10 May 5 Rules for Managing Your List of Professional References
Updating your resume and drafting a few versions of cover letters is standard practice when it’s time to look for a new job. But how much attention do you pay to your list of references?
Hiring managers want to know more about you from people you’ve worked with or have known for a long time. They want to get a sense of who you are, as a person and as an employee. You want to make sure your references are people who will sing your praises but will also be honest about your abilities.
Here are five rules for making sure your references are doing you favors and not missing the mark.
Make sure your references are comfortable being used as references.
This is a simple one but it’s important! Ask for permission before putting someone’s name and contact information down on a list. Make sure they’re willing to help you out and speak on your behalf. This will also provide a little notice that they might be getting a call about you so they can be prepared and have time to collect their thoughts. Also, be sure to double check their contact information to make sure you’re providing the best phone number and email address.
Ask a current coworker if they’d be willing to be a reference.
Sometimes hiring managers want to speak with your current boss, but if they don’t know you’re looking for a new job, this can be a problem. Instead, find a trusted colleague who can speak about your current role, your responsibilities and how you fit into the organization. It can be someone who works on the same team with you, a former supervisor who has changed companies or is in a different department now or, if your manager knows you’re looking to leave or if you’re in a position where your job is being eliminated and they’ve offered to help, take them up on it.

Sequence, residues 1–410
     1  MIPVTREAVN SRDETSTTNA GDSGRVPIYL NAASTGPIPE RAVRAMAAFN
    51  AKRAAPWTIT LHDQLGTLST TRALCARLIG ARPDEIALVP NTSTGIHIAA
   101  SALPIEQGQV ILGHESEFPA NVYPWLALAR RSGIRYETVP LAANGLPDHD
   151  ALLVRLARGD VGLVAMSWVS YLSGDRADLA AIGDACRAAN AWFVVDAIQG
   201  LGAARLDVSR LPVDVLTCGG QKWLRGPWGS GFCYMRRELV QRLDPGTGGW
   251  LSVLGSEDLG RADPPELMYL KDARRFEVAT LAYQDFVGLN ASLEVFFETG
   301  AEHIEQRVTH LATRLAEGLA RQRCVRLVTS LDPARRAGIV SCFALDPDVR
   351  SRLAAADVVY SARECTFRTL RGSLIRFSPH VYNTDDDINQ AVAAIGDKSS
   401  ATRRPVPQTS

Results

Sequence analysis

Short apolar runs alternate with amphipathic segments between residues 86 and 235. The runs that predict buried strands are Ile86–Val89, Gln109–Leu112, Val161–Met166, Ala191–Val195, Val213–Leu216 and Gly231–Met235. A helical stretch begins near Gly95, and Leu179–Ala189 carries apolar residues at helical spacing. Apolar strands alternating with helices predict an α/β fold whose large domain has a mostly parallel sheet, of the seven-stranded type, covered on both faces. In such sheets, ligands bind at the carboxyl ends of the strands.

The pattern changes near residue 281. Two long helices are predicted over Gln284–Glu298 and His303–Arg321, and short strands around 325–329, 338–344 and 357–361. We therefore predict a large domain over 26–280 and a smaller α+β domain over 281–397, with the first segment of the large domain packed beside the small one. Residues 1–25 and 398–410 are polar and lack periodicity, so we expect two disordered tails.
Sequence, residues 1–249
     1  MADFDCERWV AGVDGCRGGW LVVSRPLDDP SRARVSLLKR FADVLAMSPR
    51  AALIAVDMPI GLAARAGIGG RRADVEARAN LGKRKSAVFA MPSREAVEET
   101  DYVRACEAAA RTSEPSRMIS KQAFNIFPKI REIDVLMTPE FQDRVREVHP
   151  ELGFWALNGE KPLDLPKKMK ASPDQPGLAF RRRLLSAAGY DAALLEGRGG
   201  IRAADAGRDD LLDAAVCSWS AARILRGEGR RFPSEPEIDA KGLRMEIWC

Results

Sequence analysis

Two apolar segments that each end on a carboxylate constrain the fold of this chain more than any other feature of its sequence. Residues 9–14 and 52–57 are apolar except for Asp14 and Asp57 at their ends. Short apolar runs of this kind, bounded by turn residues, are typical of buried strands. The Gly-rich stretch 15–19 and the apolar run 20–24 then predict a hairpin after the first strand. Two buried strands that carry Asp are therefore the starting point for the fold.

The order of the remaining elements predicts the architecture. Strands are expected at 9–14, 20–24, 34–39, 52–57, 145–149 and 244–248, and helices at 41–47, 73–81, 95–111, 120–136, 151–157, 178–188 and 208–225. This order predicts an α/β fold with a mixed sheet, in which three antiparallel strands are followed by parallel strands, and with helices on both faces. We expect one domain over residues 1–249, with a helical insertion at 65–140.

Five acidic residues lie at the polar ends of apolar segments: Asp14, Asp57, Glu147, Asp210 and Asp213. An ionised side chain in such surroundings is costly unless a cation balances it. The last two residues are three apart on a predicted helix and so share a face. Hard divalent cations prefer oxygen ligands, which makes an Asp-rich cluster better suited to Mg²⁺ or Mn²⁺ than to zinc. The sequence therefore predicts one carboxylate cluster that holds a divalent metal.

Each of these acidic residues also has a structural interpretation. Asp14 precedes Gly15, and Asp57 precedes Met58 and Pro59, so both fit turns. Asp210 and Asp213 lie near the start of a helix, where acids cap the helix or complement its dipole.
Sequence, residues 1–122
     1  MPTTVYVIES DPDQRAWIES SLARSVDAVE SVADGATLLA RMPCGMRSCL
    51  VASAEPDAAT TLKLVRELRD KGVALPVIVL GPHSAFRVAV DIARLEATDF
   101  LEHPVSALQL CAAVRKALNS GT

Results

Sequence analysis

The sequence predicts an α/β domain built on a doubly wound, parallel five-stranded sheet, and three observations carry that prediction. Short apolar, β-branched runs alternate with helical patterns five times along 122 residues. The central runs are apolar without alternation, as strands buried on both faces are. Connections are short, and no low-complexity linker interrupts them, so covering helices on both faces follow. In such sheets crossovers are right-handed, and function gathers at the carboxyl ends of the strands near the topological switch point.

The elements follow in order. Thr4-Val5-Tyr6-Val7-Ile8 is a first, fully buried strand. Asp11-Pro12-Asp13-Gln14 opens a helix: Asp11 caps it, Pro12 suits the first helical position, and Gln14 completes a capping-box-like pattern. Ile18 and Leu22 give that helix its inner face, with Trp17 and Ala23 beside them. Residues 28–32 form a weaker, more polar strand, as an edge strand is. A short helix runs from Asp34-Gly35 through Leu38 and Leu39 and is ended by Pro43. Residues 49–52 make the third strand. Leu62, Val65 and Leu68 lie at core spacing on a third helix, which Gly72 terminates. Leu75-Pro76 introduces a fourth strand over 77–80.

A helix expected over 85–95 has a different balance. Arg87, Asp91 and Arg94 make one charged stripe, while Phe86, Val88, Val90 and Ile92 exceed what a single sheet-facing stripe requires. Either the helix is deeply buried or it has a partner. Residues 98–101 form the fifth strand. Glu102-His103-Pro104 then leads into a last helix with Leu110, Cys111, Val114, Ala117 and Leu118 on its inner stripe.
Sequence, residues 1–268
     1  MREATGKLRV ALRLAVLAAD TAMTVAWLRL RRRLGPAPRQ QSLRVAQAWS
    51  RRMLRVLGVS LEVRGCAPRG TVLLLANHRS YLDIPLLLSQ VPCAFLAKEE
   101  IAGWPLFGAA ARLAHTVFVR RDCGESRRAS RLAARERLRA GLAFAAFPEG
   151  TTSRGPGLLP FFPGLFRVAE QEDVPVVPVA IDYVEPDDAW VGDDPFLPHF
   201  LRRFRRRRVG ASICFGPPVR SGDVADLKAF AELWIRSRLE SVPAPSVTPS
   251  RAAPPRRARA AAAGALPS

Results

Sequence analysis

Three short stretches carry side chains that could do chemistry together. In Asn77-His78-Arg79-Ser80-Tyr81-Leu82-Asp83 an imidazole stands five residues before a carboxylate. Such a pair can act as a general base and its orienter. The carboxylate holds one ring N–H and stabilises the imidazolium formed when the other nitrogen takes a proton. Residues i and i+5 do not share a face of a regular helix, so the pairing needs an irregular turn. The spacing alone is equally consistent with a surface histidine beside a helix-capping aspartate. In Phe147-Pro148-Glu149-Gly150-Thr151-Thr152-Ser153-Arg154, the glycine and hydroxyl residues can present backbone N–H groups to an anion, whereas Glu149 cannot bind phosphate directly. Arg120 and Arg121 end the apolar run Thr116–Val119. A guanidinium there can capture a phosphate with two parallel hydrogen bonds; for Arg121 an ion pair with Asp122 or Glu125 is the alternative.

Provide context to your references.
When you reach out to them to get their permission to list them as a reference, provide a little information about the job and why you’re interested in it. Let them know a little about the company and the role you’re applying for so they know how to answer the questions presented to them.
Expand your idea of a reference.
If you’re newer to the working world, you might not have a lot of experience and, as a result, your list of references might not be very long. If you had a close relationship with a teacher or professor, ask if they’d be willing to help you out. Anyone who knows you well and can speak to your ability to work, your personality and drive and your background can be a reference! A trusted teacher, professor, mentor, clergy member, group leader — anyone who can speak on your behalf and isn’t a relative can be worthy of consideration.
Change your list up based on the job.
Just like you’d use a different cover letter to apply for an administrative assistant position than one for a data entry job, you might want to ask different people to be references for different jobs. If it’s a public-facing job, you’ll want someone who can speak to how you deal with people in high-stress situations; if you’re going to be a member of a busy team, you’ll want someone who can speak to your strengths when working with a group. You might end up using some people for several different kinds of jobs, but have a handful of alternates as the job description changes.
It’s also important to keep your references on a separate document from your resume and only submit them when requested. And above all else, thank them for their time and willingness to help! References can help settle a tiebreaker, so to speak, if a hiring manager is choosing between possible candidates and yours might well be the difference between being hired or passed over.
If you’re looking for a new job and are eager to use this new list of references, call LeadingEdge Personnel. We partner with companies who are looking for workers with your background and experience and we’d be happy to introduce you! Call LeadingEdge today and let’s help you find your next job.
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